X-ray intensity is measured by an ionisation chamber positioned at or just behind the sample position. In some cases a small aperture (300micron) is carefully aligned on a goniometer head so that it is at the sample position. Measurements of the flux passing through this aperture are representative of the X-rays incident upon a crystal of size 300micron or less.
We take as our local standard of comparison the flux obtained with the MAR slits all set to 0.3mm and which passes through our 300micron aperture. Table I shows that the flux obtained from the GX13 tube running at 100* the power of the BEDE tube is less than 3 times greater. For use with larger crystals, the flux measurement (without the 300micron aperture) from the GX13 flux is 3.7 times greater, and if larger cross-fire can be tolerated (opening up all the MAR slits to 0.4mm) on bigger crystals the flux is 4.6 times greater from a GX13 than from the present BEDE tube operating at 1/100th of the power.
The closest comparison comes in the case where a reduced cross-fire is needed in the X-ray beam. When the MAR slits are all reduced to 0.2mm, the GX13 output exceeds that now obtainable from the BEDE tube by a factor of less than 2.
The expected life-time of this novel tube is several months, just as for other sealed X-ray tubes. Early indications of the present tubes are that the filaments survive for several weeks at least, but have not yet been tested for a complete life-time. The other question frequently raised about long-term usage concerns the rate of radiation damage to mirrors. Our calculations, which will be detailed elsewhere, indicate that the flux per unit area falling onto the small ellipsoidal mirror used with the BEDE tube is much less than that incident upon the first Franks mirror used with our rotating anode tube: the difference is a factor of about 5, within the range from 3 to 7 depending upon the exact geometry chosen for the ellipsoidal mirror. Experience with the Franks mirrors on our GX13 tube is that the first mirror usually needs replacing after about six months; by analogy one would expect the ellipsoidal mirrors to last for several times longer than this.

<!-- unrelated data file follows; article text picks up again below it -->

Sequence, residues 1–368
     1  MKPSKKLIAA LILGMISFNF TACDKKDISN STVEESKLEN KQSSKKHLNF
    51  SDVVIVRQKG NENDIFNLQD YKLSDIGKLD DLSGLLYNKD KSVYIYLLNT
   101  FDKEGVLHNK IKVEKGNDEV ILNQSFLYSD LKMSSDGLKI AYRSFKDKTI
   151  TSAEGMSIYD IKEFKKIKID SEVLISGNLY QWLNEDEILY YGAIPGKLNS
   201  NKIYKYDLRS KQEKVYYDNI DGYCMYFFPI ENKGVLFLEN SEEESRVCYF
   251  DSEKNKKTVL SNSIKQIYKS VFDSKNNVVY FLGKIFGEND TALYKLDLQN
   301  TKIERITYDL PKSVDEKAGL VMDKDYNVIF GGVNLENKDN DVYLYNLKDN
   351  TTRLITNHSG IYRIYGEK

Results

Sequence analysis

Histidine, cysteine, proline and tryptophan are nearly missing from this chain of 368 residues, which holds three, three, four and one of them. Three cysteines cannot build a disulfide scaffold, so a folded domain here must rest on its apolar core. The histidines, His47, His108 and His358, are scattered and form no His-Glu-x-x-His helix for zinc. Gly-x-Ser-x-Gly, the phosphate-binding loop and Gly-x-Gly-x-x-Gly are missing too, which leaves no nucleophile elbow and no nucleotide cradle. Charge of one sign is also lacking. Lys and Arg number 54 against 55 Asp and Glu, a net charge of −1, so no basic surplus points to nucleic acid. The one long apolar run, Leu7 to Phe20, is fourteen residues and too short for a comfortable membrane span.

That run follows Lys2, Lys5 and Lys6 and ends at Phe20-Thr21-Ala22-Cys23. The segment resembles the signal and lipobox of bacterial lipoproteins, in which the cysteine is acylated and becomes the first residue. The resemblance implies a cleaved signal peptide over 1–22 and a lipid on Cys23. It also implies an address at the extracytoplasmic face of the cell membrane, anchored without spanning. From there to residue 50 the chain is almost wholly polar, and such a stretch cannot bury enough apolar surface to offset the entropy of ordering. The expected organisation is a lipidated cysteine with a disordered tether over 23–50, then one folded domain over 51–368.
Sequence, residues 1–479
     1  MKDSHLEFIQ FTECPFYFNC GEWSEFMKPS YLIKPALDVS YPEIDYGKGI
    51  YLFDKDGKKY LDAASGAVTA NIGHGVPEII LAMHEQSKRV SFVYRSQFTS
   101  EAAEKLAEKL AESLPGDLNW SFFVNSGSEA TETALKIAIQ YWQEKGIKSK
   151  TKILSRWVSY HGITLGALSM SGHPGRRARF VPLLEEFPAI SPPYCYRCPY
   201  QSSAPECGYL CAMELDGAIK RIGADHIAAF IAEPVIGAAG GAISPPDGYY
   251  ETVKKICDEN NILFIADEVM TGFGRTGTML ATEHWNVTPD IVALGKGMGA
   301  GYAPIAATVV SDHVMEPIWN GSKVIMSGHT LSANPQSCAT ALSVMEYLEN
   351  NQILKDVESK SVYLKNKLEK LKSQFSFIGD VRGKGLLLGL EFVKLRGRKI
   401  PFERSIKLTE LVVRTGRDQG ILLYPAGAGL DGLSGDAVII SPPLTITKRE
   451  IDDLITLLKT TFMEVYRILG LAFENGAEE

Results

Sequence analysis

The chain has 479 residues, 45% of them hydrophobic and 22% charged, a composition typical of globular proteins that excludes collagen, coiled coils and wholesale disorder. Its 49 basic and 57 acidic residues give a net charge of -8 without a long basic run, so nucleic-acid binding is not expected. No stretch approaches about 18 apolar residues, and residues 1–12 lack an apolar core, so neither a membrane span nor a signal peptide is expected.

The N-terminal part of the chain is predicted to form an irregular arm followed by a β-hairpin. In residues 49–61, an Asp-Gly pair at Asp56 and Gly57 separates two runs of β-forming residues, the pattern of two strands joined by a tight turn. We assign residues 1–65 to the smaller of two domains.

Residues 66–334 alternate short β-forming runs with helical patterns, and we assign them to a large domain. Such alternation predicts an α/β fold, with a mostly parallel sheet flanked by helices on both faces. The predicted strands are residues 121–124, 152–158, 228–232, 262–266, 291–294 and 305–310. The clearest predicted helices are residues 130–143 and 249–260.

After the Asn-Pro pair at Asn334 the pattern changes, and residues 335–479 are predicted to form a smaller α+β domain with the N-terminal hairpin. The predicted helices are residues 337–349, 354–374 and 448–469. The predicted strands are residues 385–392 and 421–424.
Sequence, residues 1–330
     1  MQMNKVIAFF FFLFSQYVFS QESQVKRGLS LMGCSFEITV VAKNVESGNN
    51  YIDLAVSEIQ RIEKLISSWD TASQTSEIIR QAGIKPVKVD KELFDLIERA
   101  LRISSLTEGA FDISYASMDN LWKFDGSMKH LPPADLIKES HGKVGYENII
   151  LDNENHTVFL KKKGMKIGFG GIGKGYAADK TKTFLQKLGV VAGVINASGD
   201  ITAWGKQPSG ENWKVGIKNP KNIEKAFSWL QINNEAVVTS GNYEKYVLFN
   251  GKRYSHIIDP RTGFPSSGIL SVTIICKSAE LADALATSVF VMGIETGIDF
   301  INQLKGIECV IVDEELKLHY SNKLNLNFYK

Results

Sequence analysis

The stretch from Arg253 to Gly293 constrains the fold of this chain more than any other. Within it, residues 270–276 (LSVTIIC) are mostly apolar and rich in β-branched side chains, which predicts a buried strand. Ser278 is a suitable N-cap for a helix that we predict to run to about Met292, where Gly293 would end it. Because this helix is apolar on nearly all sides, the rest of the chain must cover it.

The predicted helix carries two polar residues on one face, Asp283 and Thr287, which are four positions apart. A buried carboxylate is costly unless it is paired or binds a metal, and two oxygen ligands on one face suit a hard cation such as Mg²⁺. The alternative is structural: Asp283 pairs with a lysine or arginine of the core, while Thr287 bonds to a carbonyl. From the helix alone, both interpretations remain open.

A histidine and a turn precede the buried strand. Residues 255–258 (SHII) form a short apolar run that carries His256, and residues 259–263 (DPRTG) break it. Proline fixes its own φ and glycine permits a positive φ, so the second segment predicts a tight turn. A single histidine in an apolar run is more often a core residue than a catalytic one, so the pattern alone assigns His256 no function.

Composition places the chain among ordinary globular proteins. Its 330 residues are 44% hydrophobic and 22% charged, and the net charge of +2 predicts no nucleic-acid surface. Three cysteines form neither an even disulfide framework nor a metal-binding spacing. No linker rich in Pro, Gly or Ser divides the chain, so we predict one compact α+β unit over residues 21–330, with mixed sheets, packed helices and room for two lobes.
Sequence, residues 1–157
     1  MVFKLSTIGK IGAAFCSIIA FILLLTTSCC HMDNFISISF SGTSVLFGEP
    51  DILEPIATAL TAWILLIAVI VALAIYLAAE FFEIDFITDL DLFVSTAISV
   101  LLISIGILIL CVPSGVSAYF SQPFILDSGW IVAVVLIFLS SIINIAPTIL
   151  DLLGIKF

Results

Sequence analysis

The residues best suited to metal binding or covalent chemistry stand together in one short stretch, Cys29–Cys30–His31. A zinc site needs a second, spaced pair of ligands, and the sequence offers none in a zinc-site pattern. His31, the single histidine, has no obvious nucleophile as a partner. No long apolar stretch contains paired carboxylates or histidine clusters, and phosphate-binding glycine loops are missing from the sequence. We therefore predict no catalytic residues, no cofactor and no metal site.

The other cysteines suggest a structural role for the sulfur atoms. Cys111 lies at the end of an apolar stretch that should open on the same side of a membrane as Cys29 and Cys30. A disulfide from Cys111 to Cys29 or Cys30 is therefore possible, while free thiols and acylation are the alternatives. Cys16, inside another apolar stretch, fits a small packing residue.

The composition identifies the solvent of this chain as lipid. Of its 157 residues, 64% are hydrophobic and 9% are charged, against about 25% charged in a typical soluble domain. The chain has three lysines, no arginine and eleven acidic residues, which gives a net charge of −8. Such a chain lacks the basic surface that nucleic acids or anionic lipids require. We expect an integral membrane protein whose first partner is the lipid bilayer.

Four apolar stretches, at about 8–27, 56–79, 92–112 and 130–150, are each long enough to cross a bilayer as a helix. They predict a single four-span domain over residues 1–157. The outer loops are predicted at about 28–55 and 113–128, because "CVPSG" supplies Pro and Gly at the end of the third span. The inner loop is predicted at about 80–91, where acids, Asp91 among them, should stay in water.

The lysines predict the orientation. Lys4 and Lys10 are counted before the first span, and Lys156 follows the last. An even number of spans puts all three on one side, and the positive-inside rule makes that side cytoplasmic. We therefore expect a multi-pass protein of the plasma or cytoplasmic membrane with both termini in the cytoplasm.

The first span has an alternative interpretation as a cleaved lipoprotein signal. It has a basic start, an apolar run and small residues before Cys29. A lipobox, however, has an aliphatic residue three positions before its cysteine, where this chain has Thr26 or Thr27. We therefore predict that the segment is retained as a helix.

Earlier ideas by one of us (UWA) of a rotating anode version of this novel generator, which would have increased the flux by a factor of about 5, have since been superseded by two other potential developments which both retain the great simplicity of the present MicroSource tube in comparison with other high brightness tubes.
One major advantage of the MicroSource tube is its adaptability, with simple inter-change between different mirrors to match the beam to the needs of varying crystals. The ultimate limit to the flux at the sample depends upon which configuration is needed. However, the present system already delivers onto a small sample a well collimated beam of intensity comparable to that obtained from some existing synchrotron stations using bending magnets.
Intensity measurements, using an ionisation chamber placed at the sample position, for two X-ray tubes, with and without a limiting aperture of 300micron. For details, see text.
|300micron aperture in position:||NO||YES||NO||YES|
|BEDE tube, mirror ME-II||1.0||1.0||0.44||0.44|
|operating power of generator 25w||.|
|GX-13, slits set to 0.2mm||1.9||1.9||0.83||0.84|
|GX-13, slits set to 0.3mm||3.7||2.7||1.62||1.21|
|GX-13, slits set to 0.4mm||4.6||2.9||2.02||1.28|
|operating power of generator 2400w||.|